Stereotactic Body Radiation Therapy (SBRT)
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Stereotactic body radiation therapy (SBRT), or sometimes called stereotactic ablative radiotherapy (SABR), is a noninvasive therapy for cancer and noncancerous tumors anywhere in the body below the neck. It combines IMRT with image guidance to deliver a large dose of radiation to a small target in three to five sessions.
Because the beam shapes itself to the exact pattern of the tumor, it delivers very precise radiation, minimizing harm to surrounding tissues. SBRT is ideal for treating certain tumors within the lung or liver. Your SBRT therapy may include three to five treatments over one to two weeks.
Radiation oncology specialists at University of Maryland have successfully used SBRT since 1992. GammaPod, a form of SBRT that treats breast cancer, was invented at the UM Greenebaum Comprehensive Cancer Center (UMGCCC) in Baltimore.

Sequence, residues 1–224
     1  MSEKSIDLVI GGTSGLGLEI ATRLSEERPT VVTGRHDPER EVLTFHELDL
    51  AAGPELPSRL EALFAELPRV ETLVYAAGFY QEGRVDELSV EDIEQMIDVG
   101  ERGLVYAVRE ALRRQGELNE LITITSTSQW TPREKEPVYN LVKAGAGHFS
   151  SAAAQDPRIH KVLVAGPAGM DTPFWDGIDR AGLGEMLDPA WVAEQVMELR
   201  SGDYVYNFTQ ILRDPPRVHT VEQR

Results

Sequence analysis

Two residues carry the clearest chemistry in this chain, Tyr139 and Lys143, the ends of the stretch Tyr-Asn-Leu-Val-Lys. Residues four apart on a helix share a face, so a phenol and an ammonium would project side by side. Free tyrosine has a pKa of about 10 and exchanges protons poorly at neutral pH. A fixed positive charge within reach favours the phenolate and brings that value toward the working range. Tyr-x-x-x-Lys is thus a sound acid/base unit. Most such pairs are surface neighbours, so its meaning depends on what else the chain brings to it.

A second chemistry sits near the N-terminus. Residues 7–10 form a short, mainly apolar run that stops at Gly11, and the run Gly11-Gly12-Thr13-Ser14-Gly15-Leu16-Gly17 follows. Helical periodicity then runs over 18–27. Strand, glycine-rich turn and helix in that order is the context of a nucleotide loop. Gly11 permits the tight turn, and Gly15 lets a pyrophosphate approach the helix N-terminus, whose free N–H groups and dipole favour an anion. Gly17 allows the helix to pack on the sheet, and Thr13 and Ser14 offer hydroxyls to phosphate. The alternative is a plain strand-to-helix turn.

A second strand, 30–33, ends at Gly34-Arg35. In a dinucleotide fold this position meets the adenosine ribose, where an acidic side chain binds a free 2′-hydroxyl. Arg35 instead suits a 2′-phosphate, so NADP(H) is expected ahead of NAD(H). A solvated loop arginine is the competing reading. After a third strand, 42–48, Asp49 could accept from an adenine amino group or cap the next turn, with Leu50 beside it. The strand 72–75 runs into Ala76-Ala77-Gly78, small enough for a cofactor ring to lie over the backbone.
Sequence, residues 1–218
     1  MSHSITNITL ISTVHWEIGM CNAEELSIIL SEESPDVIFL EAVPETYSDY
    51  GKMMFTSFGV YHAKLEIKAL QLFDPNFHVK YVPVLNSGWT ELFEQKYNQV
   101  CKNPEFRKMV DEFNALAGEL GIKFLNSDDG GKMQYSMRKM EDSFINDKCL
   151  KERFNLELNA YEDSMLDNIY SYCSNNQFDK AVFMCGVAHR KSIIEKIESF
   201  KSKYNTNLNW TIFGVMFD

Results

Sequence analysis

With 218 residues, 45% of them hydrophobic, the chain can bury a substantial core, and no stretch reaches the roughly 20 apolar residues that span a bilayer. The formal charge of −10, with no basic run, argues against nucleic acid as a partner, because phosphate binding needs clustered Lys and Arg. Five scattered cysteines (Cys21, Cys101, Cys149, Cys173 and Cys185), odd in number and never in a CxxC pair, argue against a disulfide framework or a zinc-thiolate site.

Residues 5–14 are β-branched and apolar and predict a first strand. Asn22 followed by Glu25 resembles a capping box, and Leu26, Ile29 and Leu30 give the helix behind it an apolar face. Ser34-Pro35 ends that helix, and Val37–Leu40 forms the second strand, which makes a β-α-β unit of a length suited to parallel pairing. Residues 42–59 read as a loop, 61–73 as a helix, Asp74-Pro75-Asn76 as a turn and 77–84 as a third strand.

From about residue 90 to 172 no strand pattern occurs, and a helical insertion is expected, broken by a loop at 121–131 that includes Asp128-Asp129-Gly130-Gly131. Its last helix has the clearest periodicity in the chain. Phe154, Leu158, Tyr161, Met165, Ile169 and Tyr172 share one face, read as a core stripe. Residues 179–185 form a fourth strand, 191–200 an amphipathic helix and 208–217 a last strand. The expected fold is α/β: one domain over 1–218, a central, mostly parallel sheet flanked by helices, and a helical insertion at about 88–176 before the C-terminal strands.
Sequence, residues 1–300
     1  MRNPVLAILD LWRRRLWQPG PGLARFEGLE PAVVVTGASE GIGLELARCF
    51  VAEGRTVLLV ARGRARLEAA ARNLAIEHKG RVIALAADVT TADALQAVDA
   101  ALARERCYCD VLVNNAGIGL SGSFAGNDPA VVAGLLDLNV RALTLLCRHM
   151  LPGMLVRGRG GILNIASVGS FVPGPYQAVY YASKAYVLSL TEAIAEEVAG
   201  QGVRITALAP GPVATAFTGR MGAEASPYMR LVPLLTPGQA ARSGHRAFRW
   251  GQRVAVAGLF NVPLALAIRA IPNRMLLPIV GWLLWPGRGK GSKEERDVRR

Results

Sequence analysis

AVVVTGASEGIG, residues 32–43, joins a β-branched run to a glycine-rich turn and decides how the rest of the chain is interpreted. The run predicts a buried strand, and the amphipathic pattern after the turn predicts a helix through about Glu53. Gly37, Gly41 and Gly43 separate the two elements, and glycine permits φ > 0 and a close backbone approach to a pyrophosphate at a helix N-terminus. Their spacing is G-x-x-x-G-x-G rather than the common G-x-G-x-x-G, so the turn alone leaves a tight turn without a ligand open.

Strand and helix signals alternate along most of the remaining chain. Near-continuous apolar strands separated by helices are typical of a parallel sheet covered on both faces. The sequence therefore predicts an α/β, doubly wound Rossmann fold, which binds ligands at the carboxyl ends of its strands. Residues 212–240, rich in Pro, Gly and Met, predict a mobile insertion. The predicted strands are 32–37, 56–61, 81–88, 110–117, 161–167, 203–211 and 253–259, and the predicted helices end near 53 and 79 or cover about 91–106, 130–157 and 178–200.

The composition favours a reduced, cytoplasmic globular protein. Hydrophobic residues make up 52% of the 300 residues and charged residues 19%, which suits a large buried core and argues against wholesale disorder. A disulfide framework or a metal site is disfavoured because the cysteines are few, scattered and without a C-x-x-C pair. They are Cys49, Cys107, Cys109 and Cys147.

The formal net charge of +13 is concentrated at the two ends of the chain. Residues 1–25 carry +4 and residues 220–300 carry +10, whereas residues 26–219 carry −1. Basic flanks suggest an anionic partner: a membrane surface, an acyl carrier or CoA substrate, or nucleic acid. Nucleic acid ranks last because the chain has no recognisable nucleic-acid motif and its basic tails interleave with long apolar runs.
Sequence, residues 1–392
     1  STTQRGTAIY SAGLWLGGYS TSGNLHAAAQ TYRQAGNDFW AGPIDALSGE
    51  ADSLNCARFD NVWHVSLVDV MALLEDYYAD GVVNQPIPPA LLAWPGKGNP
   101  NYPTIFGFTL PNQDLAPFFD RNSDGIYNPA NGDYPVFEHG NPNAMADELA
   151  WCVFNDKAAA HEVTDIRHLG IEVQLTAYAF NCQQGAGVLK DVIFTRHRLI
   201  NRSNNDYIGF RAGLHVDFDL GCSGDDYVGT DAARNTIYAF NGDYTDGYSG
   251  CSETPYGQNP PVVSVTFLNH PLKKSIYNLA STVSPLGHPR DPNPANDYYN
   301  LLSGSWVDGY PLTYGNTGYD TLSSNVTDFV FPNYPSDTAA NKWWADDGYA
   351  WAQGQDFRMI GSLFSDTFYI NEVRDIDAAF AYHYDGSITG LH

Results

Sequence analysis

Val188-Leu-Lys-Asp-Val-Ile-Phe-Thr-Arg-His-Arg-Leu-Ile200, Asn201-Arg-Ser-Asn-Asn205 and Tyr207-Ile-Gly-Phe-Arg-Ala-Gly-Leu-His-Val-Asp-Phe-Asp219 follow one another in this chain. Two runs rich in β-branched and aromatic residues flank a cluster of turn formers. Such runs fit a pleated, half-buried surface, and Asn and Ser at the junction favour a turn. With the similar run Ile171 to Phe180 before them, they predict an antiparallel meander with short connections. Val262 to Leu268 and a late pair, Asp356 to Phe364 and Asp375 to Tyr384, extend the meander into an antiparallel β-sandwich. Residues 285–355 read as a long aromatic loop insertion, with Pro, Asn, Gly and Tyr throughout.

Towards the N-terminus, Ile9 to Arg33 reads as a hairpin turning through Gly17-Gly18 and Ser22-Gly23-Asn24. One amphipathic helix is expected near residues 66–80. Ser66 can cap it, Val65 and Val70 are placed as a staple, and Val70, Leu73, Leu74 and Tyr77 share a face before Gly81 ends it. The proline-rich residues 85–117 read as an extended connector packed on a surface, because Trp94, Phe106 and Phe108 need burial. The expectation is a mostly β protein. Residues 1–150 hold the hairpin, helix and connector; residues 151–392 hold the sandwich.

How We Use SBRT for Cancer Treatment
We use SBRT to treat small or medium-sized cancerous tumors and other cancers including:
- Liver and gallbladder cancer
- Lung cancer
- Pancreatic cancer
- Prostate cancer
- Stomach and abdominal cancer
- Cancers that has spread from one area of the body to another
In certain cancers, SBRT has been shown to be as effective as other cancer treatments like surgery. SBRT may also be an option for patients who can’t have surgery because of high-risk medical conditions.
The treatment is also an important alternative for patients whose cancers or abnormalities are:
- Difficult to reach surgically
- Close to vital organs or body areas
- Likely to move within the body
Before you have SBRT, you may have imaging tests to determine the exact location of the tumor or abnormality. These may include MRI, CT or PET/CT scans. This is important for tumors on the lungs or liver that can move while you breathe.
We may also use X-ray imaging or CT scans during SBRT to monitor any tumor movement.